• Don’t think too much, just write it down.
    Ray Bradbury once said, “Throw yourself off a cliff and build your wings on the way down.” Don’t think too much about what I’m going to write. Let the poem create itself. Discover what you are doing in the process of doing it. It evolves as you put pen to paper.
  •  Incorporate poetry devices
    What else can make your poetry shine like the summer sun? Imagery, metaphors, and symbolism-to name just a few poetry devices-are subtle ways to improve your poetry. By adding rhyme, irony, or tone to your work, you create a phoenix from a dead piece of paper.
    Readers enjoy poetry with meaning, that has a beat or an easy flow, and can be secretive but not beyond their understanding. Great poets know exactly how to incorporate the many elements of poetry into their work.
    Research the many poetry devices (others include simile, figurative language, synecdoche, allegories, and musical devices) and begin practicing with them in your own poetry. Write a poem with a theme you enjoy but base it around irony or a metaphor. Continue to practice each device and work them all into different poems to experience each one’s effect.
    You can find many examples and ways to use poetry devices by reading books on the subject or doing a simple search online. Study and learn each device, because you never know when one might work perfectly for what you are trying to write.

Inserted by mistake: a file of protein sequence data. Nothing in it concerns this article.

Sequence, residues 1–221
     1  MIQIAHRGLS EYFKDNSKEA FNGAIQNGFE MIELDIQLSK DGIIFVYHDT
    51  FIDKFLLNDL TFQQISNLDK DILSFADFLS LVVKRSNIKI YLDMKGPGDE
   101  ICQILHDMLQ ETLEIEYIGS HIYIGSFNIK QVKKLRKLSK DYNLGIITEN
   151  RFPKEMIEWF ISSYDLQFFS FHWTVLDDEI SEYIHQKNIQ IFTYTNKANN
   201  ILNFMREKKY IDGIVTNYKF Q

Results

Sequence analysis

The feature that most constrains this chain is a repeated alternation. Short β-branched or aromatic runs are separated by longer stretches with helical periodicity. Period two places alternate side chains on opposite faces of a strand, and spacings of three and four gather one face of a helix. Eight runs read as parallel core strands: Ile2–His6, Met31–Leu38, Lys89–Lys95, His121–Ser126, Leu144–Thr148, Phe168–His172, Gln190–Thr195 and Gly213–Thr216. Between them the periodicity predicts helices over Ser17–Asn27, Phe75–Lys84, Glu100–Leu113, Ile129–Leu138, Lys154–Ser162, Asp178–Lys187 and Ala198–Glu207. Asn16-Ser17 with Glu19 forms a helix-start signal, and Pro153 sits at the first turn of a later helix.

In a nutshell:

  1. Use poetry devices to give your work substance.
  2. Readers enjoy reading poetry with inner meaning or special attributes.
  3. It takes practice, hard work, and dedication to master devices like Symbolism, Imagery, or Rhyme.
  4. Finding out about each poetry device is easy; just search online or at your local bookstore or library.
[Source Credit: https://forum.rhymezone.com/articles/884-5-tips-for-writing-better-poetry-how-to-jumpstart-your-writing-by-john-bon%5D

 

I can’t wait to read what you come up with this month.

Don’t forget to link back to this post, on your poetry submission post, and leave a link and comment here so Ineke, Amanda and others can find your post.

Have fun!

~ Amanda and Ineke

 

Proverbial Friday – Global Wisdom

Contemplation

 

I find there to be profound wisdom in proverbs, sayings and quotes and I marvel at the way they are so succinct in communicating messages to the reader. Mostly anonymous, they come to us from past generations and from across cultures. They speak of the experiences of lives lived and lessons learned. Quotes, like proverbs, make us think more deeply about something.